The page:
I spent so much time watching and playing hoops and other sports growing up that the ebb and flow of a game is second nature. However, I did have to update my knowledge of what 13-year-old basketball players can do. Today’s young players bring a skill level and court awareness that makes my jaw drop.

  1. What was your process for writing this book and did it differ from other books you’ve written?

Nonfiction has been my career, so creating a work of fiction was both a challenge and an opportunity to let my imagination take the wheel. As a rule, nonfiction has a certain formula that I know in my bones at this point. Writing a middle grade novel required me to bring learner’s mind to the writing and revising process. My friends at Brattle Publishing, Rich Lena and Carol Karton, were fantastic at pointing out the weak points in the manuscript and encouraging me not to tweak but to re-vision them. My best friend and fellow writer Tod Olson was instrumental, too, in pushing me to connect the on-court and off-court plot points. At a certain point, every book becomes a collaborative process, but I leaned heavy on the framework of a three-act structure to build a strong story arc.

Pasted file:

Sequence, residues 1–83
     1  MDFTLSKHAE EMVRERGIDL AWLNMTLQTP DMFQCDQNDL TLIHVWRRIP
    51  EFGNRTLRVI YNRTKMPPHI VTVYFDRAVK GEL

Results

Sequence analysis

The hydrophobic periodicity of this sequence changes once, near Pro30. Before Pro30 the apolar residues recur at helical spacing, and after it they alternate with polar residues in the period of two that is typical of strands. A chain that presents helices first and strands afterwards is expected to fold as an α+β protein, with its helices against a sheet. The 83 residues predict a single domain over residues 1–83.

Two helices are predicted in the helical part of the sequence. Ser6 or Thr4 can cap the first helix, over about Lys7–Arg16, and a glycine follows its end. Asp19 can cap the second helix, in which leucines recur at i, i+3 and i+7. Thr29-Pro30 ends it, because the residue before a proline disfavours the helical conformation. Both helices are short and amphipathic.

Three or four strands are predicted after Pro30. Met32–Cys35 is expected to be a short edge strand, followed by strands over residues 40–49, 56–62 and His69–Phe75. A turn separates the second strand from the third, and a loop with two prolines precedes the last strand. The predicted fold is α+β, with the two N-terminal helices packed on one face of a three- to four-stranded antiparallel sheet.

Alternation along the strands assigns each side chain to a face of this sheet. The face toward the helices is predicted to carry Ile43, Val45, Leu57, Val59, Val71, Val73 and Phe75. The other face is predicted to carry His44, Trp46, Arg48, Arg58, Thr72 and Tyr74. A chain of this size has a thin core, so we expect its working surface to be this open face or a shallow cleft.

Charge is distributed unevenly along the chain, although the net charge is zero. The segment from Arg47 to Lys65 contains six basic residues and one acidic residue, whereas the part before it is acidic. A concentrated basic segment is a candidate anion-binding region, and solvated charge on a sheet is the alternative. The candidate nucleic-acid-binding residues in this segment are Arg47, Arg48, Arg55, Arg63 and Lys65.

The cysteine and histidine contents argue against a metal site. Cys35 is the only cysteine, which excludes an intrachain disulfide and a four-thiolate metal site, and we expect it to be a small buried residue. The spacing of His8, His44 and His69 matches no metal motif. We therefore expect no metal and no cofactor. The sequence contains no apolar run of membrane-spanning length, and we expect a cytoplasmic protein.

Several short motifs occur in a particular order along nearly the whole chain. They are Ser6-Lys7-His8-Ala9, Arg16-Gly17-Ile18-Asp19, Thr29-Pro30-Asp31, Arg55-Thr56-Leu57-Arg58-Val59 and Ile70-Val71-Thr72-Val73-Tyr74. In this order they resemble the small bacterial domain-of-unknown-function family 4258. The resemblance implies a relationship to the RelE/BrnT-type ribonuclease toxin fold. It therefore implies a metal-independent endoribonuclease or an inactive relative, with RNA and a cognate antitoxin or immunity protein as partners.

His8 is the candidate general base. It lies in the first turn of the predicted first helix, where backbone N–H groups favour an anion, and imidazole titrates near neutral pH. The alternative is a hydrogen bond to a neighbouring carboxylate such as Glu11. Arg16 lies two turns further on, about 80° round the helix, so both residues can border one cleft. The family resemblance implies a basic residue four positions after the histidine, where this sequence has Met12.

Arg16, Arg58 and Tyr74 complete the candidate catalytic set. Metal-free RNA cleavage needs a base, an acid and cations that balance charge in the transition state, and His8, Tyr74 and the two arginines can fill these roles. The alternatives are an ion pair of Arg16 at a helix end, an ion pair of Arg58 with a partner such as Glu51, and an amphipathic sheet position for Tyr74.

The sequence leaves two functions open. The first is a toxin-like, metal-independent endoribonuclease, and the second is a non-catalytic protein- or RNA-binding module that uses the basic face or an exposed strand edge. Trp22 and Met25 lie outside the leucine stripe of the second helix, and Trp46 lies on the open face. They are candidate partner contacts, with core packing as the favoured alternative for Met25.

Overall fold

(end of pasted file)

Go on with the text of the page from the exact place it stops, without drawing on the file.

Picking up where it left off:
1. Do you envision writing more athletic-related stories in the near future and if so, what other sports might you dive into?

Funny you should ask! I’m in the process of revising a group of four short sports stories—one for the sports of basketball, baseball, and football, and one about skating (skateboards). I want to call it something like 4 Sports Shorts, and I originally conceived it as a series for reluctant readers. People keep telling me there’s no market for MG short stories, but oh well, that’s how these came out. I find that a story tells me what it wants to be.